The intensity of the security dilemma depends, in part, on the ease of attack and coercion. When attacking is easy, even small increases in one state's forces will significantly decrease the security of others, fueling a spiral of fear and arming. When defending and deterring are easy, in contrast, changes in one state's military forces will not necessarily threaten others, and the possibility of maintaining good political relations among the players in the system will increase.
The intensity of the security dilemma also depends on states' beliefs about one another's motives and goals. For example, if a state believes that its adversary is driven only by a quest for security -- rather than, say, an inherent desire to dominate the system -- then it should find increases in the adversary's military forces less troubling and not feel the need to respond in kind, thus preventing the spiral of political and military escalation.
The possibility of variation in the intensity of the security dilemma has dramatic implications for structural realist theory, making its predictions less consistently bleak than often assumed. When the security dilemma is severe, competition will indeed be intense and war more likely. These are the classic behaviors predicted by realist pessimism. But when the security dilemma is mild, a structural realist will see that the international system creates opportunities for restraint and peace. Properly understood, moreover, the security dilemma suggests that a state will be more secure when its adversary is more secure -- because insecurity can pressure an adversary to adopt competitive and threatening policies. This dynamic creates incentives for restraint and cooperation. If an adversary can be persuaded that all one wants is security (as opposed to domination), the adversary may itself relax.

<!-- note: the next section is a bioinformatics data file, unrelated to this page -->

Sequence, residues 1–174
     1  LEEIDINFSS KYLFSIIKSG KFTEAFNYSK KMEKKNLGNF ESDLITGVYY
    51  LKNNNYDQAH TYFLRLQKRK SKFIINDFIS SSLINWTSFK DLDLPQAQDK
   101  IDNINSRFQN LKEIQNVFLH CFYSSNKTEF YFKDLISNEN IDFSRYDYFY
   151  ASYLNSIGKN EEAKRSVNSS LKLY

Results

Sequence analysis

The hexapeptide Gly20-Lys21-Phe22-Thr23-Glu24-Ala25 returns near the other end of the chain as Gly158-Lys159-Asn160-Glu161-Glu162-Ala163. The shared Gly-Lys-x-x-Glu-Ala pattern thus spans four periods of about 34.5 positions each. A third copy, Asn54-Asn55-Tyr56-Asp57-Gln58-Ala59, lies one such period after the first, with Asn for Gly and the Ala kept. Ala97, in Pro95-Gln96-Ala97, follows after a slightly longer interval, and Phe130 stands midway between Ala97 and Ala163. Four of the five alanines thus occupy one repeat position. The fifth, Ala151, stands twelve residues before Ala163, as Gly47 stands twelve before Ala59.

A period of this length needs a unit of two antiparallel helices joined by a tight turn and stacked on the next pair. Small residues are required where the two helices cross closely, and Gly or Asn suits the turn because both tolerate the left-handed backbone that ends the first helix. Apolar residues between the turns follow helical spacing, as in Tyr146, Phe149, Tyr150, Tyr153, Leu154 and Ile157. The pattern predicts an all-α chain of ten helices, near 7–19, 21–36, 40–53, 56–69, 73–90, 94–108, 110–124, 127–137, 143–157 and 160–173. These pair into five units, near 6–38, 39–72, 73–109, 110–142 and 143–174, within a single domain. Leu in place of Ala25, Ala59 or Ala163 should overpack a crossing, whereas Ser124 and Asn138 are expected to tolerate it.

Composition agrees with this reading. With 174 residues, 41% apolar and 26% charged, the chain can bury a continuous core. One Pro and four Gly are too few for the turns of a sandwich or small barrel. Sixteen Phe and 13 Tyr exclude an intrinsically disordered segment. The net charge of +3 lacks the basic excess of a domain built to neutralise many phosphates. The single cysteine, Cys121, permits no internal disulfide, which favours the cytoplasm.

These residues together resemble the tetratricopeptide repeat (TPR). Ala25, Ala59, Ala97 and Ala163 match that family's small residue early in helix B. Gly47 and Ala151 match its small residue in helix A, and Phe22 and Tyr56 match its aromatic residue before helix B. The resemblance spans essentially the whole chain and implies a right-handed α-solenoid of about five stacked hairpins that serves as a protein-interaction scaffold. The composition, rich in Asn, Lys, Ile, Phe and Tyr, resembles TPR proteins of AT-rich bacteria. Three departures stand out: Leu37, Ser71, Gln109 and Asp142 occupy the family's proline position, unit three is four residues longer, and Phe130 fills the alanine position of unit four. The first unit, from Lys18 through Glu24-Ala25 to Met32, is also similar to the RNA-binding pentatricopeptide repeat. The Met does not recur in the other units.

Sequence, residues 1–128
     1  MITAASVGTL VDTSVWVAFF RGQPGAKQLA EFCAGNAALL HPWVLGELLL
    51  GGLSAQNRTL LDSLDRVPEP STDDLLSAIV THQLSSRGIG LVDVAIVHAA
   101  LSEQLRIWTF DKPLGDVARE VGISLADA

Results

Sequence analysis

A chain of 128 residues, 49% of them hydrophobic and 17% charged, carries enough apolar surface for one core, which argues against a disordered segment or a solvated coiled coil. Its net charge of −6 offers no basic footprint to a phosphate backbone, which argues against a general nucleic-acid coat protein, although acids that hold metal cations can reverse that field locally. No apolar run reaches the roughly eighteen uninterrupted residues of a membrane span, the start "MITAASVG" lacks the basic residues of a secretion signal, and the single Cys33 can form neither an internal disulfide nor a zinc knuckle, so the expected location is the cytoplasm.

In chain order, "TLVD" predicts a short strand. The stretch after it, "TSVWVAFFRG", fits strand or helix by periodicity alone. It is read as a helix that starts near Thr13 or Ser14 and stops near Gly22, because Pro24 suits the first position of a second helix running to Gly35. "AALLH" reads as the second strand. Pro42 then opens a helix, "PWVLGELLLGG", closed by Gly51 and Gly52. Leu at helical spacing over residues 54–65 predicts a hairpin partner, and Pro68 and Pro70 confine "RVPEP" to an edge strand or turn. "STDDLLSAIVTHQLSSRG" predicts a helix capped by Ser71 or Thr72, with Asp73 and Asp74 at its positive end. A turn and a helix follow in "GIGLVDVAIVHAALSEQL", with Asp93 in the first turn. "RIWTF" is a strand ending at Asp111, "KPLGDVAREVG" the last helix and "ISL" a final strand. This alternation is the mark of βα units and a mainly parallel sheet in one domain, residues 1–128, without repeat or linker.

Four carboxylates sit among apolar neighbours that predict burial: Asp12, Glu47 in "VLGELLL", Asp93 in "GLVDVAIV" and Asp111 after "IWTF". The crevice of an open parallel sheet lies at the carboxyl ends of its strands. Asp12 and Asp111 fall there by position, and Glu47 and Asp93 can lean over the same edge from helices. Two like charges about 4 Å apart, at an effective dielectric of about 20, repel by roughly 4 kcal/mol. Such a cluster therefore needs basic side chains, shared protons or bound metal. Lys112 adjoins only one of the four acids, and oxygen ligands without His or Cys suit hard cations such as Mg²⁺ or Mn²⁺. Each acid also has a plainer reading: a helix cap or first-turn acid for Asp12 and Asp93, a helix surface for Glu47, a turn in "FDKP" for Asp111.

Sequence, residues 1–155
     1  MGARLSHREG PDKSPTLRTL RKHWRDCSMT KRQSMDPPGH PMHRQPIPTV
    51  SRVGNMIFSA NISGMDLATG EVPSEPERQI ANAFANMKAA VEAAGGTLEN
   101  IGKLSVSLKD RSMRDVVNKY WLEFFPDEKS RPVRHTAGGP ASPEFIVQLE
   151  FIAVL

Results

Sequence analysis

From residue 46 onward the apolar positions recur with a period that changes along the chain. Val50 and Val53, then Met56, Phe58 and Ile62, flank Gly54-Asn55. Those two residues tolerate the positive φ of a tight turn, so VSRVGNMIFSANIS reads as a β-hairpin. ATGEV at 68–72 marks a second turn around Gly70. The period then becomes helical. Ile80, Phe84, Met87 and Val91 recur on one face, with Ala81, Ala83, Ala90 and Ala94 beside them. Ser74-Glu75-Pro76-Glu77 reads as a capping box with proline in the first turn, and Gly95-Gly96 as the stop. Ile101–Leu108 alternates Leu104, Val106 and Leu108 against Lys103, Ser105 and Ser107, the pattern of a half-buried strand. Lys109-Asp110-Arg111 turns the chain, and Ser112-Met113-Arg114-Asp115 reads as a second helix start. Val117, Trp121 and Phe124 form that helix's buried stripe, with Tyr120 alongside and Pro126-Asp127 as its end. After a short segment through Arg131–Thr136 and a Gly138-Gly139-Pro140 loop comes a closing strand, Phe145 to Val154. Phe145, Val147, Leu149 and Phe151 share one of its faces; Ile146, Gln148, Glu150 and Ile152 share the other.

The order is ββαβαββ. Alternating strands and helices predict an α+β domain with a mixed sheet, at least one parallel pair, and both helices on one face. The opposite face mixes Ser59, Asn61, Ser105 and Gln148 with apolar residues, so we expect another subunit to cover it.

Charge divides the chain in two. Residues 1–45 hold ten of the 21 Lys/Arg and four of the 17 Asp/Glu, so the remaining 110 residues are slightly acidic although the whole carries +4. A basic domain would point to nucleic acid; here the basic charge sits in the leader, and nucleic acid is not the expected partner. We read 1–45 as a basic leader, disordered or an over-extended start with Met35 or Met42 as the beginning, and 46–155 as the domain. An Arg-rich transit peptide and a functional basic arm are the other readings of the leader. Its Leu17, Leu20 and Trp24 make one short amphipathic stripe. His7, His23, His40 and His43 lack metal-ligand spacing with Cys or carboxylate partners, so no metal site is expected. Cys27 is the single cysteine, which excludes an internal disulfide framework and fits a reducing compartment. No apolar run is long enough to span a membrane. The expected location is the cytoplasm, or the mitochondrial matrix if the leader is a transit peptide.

What does all this imply about the rise of China? At the broadest level, the news is good. Current international conditions should enable both
The overall effect of these conditions is to greatly moderate the security dilemma. Both
BUT WHAT ABOUT THE ALLIES?
The preceding analysis, of course, overlooks a key feature of U.S. foreign policy -- the important security alliances
Advocates of selective engagement, in contrast -- an approach similar to existing U.S. policy -- claim that their chosen strategy is also consistent with the broad outlines of structural realism. Whereas neo-isolationists want
Examining how existing U.S. alliance commitments are likely to interact with China's rise is thus a crucial issue, with implications for both regional policy and U.S. grand strategy more generally. If
Back then, experts debated whether U.S. capabilities were sufficient to deter a massive Soviet conventional attack against
Confidence in the U.S. deterrent is likely to be reinforced by relatively good relations between